Ontario Introducing Legislation to Support Victims of Crime and Enhance Community Safety
Province proposing changes to Victims’ Bill of Rights, Cannabis Control Act and Coroners Act
November 30, 2023
Today, the Ontario government will introduce proposed legislation, that, if passed, would make it easier for more victims of crime to sue an offender for emotional distress. The proposed Enhancing Access to Justice Act, 2023 would also protect children and youth from cannabis, enhance community safety and make court and government operations more efficient.
“We’re putting victims of crime first, protecting children and keeping our communities safe,” said Attorney General Doug Downey. “Through proposed changes to the Victims’ Bill of Rights and the Cannabis Control Act, our government is increasing access to justice for victims of crime, holding offenders accountable, and protecting children and youth.”
The proposed legislation, if passed, together with supporting regulatory changes, will:
- Update the Victims’ Bill of Rights, 1995 to make it easier for victims of crime (such as victims of terrorism, vehicle theft, human trafficking related crime and hate related crimes targeting places of worship) to sue an offender for emotional distress and related bodily harm.
- Protect children and youth by banning the growth of recreational cannabis in homes that offer childcare services.
- Amend the Coroners Act to allow for faster and more meaningful and relevant recommendations for construction-related death investigations.
“We’re taking steps to bring justice and closure to family members of construction workers who have lost their lives on the job,” said Solicitor General Michael Kerzner. “We’re also updating the Fire Protection and Prevention Act to give fire departments the tools they need to protect communities by strengthening compliance with Ontario’s rigorous fire regulations.”
If passed, the Enhancing Access to Justice Act, 2023, would also update the Courts of Justice Act and other statutes, including by limiting delays in a child protection trial when a judge is appointed to another court, to ensure that court operations are more readily accessible to Ontarians.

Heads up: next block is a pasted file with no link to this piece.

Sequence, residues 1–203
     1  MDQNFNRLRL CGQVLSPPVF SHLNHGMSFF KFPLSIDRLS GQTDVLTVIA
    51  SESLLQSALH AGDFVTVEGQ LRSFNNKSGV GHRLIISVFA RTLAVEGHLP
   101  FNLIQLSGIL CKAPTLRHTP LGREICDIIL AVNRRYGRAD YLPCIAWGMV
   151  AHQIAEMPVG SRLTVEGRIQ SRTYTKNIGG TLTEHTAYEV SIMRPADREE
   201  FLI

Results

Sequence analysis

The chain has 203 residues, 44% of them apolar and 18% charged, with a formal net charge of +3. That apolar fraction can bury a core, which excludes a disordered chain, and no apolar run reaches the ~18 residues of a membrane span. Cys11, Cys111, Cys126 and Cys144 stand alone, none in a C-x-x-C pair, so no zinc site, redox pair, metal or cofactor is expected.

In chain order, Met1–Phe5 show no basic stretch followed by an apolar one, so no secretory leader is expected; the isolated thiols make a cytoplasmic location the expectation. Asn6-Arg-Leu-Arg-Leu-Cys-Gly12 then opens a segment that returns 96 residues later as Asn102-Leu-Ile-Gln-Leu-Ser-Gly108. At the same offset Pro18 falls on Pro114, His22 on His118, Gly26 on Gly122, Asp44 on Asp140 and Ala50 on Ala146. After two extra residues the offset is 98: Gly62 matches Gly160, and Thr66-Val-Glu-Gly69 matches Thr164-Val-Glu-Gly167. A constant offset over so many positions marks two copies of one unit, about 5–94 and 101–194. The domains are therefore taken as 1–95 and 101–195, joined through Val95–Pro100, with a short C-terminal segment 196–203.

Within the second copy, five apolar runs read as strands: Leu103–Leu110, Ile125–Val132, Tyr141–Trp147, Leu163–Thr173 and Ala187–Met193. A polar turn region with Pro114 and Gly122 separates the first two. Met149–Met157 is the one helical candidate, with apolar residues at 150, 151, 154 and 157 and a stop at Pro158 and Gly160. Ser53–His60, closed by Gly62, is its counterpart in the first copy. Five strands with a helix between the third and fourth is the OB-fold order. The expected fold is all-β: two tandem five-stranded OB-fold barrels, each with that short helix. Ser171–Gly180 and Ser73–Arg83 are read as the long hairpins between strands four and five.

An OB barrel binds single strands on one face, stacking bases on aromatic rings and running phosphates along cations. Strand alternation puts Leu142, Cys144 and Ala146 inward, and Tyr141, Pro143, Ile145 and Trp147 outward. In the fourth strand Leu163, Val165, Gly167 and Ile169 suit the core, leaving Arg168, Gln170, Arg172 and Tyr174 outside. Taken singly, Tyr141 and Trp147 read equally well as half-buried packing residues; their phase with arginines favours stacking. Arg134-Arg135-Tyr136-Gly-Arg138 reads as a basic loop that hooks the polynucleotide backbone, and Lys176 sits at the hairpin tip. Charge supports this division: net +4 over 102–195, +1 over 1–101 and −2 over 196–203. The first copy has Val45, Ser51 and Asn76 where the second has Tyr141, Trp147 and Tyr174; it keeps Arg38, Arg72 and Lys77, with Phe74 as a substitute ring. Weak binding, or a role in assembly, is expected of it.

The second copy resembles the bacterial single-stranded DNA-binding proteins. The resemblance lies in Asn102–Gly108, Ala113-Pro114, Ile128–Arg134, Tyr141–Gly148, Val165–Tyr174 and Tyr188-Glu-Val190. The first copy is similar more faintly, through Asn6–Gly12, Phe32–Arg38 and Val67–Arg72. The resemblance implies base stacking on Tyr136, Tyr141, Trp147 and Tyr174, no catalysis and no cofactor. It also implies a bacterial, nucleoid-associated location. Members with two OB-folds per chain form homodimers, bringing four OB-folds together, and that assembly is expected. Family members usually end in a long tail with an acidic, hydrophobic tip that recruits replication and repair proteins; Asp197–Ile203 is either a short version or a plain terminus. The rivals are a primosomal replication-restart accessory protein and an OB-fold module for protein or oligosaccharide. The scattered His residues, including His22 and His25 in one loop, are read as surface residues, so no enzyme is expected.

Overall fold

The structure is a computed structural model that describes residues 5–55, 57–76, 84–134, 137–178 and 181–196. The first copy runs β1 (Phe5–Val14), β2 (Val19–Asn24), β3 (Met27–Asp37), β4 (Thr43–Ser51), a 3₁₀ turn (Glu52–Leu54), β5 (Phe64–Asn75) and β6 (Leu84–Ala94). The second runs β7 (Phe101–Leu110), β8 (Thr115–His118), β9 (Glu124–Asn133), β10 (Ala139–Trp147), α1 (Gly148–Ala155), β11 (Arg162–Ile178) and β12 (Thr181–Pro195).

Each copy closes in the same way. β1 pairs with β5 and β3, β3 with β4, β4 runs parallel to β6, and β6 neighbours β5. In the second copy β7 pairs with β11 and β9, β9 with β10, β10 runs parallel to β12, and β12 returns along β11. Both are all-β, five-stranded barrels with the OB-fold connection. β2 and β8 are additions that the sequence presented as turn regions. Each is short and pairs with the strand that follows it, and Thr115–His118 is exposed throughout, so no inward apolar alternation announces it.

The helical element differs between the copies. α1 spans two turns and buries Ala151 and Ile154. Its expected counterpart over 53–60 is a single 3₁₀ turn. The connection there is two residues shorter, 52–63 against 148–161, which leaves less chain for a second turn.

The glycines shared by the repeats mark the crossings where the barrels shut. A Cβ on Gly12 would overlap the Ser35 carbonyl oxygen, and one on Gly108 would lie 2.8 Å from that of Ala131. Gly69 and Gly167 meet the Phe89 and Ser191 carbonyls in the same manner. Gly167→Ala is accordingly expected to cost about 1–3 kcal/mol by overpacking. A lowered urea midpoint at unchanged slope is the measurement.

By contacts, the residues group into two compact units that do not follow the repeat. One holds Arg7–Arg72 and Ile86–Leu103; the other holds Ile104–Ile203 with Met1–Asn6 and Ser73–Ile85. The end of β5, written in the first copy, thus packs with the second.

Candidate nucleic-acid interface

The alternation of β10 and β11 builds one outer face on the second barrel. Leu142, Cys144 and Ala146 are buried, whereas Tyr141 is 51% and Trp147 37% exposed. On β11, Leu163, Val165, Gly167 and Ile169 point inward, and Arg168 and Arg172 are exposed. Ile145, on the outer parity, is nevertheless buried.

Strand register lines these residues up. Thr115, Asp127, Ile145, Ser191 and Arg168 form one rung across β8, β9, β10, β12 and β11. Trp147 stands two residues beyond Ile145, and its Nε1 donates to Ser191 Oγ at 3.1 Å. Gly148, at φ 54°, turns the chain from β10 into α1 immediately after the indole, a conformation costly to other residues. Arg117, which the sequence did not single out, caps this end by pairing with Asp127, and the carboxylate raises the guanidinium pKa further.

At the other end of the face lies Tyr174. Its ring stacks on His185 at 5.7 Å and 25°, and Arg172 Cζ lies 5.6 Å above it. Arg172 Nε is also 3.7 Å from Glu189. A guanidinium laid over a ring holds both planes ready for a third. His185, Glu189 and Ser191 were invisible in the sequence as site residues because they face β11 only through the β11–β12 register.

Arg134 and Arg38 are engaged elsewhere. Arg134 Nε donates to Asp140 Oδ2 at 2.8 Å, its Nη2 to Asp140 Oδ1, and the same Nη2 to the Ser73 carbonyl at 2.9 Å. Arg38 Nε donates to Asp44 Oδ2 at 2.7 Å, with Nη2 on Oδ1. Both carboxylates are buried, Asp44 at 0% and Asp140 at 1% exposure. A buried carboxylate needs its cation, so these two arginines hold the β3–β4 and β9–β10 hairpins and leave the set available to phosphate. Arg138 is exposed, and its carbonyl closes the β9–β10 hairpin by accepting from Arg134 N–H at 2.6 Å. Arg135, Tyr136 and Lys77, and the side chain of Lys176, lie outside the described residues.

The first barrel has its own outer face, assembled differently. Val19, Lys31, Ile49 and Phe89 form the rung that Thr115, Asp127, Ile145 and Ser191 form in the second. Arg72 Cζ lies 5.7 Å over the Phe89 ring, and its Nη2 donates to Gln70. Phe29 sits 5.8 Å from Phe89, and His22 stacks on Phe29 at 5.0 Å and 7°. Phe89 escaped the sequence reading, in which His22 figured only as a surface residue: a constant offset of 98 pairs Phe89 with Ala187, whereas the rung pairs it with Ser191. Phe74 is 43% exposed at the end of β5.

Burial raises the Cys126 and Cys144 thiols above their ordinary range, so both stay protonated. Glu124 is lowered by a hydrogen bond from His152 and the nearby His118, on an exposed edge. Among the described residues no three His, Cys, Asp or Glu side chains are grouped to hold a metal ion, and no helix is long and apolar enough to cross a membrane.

- In 2022, there were 1,721 incidents of police-reported hate crimes which is almost a 20 per cent increase from the previous year.
- In 2023, the Ontario government invested $25.5 million over two years to help address the rise of hate incidents against religious and minority groups. The new Anti-Hate Security and Prevention Grant will help faith-based and cultural organizations enhance or implement measures to ensure community spaces remain safe and secure.
- From 2014 to 2021, there was a 72 per cent increase in auto theft across the province, and a 14 per cent increase in the last year alone.
- Ontario has invested $18 million over three years to help police services combat and prevent auto theft and keep communities safe.
- Human trafficking is one of the fastest-growing crimes worldwide. Ontario is a hub for human trafficking, with the most police-reported incidents in the country in 2019.
- Ontario’s five-year Anti-Human Trafficking Strategy, introduced in 2020, focuses on raising awareness, protecting victims, intervening early, supporting survivors and holding offenders accountable.
- Through the Victim Support Grant for 2023-24, Ontario is providing more than $4 million across the province to help support victims and survivors of intimate partner violence, domestic violence, human trafficking and child exploitation.
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